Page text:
Now to get to the point. Nymphing is a technical game of inches, and it is also the most effective form of day in and day out flyfishing. Once the limited required skills are attained it becomes a simple method to plainly wage war on the fish. What I once thought I was looking for on the river is now viewed with shame and I no longer enjoy trout fishing. The rivers, and targeted species, revealed their secrets and challenge was gone.

I only swing for steelhead and have no desire to nymph them up. It is the unpredictable nature of steelhead on the swing that makes my day. Swinging flies is usually not as technical as dead drifting but it does have a wonderful rythm. As I have matured as an angler I have come to realize that it's not entirely about catching fish that draws me to the river.

But is nymphing sporting? That is a personal view. 15 years ago I vehemently believed it was. Today I feel that it is a shortcut to the learning curve. Since my views of the method do not, and should not, have any bearing on the regulations, and it is legal on nearly every steelhead stream in the NW, fish as you like and form your own opinions. That is the most enjoyable part of the whole experience. If you call it flyfishing, then it is flyfishing. The last time I checked the "Flyfishing Constitution" has been misplaced so everybody is safe to practice whatever legal methods they prefer. :p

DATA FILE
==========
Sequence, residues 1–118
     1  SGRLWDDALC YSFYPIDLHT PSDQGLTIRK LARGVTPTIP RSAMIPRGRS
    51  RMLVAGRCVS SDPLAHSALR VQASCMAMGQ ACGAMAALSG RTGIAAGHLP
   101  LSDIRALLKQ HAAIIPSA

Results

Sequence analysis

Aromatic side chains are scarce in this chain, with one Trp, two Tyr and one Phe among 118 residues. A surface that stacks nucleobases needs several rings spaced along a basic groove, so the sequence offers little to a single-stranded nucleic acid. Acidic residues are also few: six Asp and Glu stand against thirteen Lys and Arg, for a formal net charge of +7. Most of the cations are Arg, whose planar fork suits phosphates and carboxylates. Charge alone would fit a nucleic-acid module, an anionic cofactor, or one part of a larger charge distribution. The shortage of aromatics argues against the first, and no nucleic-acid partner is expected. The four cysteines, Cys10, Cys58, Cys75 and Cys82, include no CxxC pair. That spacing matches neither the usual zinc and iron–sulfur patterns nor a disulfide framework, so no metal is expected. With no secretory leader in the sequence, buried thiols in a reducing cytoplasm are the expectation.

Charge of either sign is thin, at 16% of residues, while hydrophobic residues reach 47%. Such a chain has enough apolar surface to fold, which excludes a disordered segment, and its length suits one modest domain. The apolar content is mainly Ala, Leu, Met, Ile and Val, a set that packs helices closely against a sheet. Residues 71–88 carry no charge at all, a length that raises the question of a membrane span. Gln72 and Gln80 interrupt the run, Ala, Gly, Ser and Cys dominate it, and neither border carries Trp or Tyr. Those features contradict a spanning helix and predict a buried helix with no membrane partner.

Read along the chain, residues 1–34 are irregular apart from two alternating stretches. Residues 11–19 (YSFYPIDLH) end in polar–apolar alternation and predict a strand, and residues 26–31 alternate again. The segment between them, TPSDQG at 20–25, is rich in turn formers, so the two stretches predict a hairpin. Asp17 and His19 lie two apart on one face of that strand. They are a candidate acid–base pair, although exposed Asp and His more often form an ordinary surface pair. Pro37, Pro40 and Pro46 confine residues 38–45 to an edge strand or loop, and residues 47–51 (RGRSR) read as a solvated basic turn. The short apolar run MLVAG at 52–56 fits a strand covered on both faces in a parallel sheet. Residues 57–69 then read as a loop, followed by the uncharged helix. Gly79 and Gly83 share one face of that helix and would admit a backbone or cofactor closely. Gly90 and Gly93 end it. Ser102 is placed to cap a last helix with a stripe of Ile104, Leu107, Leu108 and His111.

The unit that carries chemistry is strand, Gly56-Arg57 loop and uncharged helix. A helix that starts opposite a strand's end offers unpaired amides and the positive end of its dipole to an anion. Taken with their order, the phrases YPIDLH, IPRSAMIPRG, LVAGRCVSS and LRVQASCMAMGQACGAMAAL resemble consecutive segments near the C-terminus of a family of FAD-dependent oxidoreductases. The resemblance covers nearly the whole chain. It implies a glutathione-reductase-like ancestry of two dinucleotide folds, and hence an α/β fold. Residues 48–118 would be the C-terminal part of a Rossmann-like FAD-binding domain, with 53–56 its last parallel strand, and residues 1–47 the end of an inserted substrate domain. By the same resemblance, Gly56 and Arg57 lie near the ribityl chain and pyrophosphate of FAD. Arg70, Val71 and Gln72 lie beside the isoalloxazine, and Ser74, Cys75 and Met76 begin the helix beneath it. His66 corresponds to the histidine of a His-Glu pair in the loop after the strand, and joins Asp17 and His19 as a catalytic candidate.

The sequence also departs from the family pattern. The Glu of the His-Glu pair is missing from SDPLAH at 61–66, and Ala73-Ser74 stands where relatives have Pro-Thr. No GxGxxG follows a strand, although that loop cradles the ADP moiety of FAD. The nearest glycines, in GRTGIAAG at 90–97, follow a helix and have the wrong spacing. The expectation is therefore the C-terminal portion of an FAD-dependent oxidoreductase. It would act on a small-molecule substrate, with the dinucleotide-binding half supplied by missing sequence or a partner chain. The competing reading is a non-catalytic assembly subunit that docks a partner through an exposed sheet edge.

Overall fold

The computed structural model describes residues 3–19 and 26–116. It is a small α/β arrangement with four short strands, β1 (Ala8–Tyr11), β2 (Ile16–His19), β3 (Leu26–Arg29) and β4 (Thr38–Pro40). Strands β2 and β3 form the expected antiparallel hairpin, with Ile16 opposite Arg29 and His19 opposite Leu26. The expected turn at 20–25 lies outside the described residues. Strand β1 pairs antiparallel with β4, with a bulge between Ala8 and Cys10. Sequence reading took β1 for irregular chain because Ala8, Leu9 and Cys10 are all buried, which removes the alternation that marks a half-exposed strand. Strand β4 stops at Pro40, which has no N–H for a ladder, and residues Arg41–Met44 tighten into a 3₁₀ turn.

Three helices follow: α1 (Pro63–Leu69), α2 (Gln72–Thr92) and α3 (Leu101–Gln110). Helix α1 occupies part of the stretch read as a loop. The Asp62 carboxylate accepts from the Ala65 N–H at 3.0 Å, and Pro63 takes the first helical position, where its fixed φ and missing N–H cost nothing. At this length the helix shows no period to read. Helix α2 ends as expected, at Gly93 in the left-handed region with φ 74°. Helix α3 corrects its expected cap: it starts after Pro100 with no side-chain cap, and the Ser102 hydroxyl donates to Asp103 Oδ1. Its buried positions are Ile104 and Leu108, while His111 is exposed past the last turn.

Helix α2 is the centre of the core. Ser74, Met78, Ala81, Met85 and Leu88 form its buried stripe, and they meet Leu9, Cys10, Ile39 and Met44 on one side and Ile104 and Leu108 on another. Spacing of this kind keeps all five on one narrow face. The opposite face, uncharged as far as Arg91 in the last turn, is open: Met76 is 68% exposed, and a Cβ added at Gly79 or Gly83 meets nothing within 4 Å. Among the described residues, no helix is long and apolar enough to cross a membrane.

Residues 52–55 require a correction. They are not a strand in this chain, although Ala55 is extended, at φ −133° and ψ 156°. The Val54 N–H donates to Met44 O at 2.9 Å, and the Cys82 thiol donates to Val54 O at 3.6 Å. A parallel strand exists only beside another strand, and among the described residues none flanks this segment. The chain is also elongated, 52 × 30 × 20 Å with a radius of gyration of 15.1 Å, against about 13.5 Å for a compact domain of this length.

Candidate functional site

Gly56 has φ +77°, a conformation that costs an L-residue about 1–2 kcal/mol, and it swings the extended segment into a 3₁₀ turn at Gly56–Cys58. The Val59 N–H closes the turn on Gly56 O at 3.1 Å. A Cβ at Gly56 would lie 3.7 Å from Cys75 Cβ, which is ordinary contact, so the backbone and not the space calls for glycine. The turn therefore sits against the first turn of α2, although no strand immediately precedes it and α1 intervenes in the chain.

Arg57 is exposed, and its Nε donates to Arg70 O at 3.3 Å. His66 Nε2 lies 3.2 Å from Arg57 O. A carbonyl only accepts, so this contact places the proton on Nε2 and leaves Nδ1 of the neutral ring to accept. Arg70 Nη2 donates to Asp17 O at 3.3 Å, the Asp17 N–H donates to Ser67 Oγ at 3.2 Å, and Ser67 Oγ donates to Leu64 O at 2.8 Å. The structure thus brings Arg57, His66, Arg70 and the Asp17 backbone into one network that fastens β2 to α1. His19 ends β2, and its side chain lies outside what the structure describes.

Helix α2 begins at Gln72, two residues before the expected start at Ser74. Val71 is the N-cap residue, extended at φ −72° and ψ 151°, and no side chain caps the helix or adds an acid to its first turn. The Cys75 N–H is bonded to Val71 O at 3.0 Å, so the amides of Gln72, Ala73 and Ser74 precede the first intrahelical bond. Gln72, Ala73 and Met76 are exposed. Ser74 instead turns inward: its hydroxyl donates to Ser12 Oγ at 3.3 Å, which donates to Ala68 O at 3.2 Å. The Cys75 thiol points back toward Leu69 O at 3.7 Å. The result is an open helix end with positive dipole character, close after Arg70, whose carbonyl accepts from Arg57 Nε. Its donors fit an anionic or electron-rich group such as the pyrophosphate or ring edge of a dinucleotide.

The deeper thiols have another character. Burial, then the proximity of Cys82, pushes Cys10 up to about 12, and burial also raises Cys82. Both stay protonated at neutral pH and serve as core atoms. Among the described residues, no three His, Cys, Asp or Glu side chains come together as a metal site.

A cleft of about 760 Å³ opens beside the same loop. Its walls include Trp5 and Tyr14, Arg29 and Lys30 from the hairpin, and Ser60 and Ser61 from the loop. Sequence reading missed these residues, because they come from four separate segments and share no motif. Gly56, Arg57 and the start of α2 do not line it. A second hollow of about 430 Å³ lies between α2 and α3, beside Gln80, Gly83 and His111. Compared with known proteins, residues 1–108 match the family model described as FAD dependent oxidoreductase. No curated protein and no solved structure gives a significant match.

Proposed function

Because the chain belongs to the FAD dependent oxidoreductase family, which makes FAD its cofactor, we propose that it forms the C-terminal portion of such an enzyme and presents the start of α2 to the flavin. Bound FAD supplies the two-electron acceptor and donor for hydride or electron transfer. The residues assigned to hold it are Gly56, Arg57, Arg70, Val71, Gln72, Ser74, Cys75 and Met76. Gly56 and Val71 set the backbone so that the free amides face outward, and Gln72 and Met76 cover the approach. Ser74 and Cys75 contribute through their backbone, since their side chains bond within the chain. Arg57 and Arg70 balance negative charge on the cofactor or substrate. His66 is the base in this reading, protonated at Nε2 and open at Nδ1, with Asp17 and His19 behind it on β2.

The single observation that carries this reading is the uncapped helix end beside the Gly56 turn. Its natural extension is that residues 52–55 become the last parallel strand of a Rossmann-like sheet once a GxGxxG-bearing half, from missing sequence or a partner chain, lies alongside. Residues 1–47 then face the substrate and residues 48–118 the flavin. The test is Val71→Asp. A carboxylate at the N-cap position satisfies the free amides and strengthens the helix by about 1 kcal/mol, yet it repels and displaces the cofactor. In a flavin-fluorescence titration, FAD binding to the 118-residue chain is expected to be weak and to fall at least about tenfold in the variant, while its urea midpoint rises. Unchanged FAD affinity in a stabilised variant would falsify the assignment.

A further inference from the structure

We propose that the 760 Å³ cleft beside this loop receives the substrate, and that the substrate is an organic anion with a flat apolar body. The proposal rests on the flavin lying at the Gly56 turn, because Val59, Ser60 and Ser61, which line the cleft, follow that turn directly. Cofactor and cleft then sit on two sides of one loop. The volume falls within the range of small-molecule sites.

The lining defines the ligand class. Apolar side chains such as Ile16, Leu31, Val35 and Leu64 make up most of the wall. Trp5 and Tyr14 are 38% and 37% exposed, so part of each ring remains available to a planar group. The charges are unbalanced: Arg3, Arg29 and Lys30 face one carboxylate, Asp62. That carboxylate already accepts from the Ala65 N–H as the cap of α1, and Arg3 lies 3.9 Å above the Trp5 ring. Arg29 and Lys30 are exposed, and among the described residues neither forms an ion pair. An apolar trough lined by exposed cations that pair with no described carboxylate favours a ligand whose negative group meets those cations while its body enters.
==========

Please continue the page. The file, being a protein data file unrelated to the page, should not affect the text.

Merry Christmas,

Welcome to the board, William. Or at least, welcome to writing your views up. And some good points. I'm a bit envious of your trout experience; I wish I could attest to the same "shame." My trouting has gone steadily downhill over the years. For me, it's the same long, boring drive but in the opposite direction and I've sort of sworn it off. Just t'ain't worth it. So I'm going to fish the O.P. for 365 from now on. You are definitely right about personal preference as long as it is legal. Nymphing, to my knowledge, is not legal everywhere in the NW unless you consider the North Fork of the Umpqua as not being in the NW. It's not legal there I have heard.
Bob, the Getting Tired.:eek:


Active Member
i agree with all of the above. on the grand ronde with a temp of 34 or less swinging is out. the only way to get a bite is with an indicator. i hate it but that is life because i love to to swing. mww.


Creating memories one cast at a time
So how do folks feel about, say, on the Yak, fishing a small copper john as a trailer from a bushy stimulator?


Banned or Parked
>So how do folks feel about, say, on the Yak, fishing a
>small copper john as a trailer from a bushy

Poachers!!! All of 'em!! Just a bunch of damned, dirty poachers!!!!



Be the guide...
This topic and others closely related is really starting to smell like an old dead horse that has been kicked a few too many times.

Check the regs, check your concience, and go fishing. There will always be someone out there who will find a reason to look down on you. Life is too short to worry about what they think. The more you play that game, the more chance you'll wind up old and bitter and just not enjoying the sport like you once did when you were just starting out and just having fun. Is there a serious side to it - absolutely! But save that energy for things that matter - like conservation and such... For those of you with years of experience and skills that you have been hording up - try sharing and teaching your craft to kids and others new to the sport. Watching the joy they get out of it may just re-spark the love and passion you once had...

I hope you all have a wonderful Christmas and celebrate the day with friends and\or loved ones.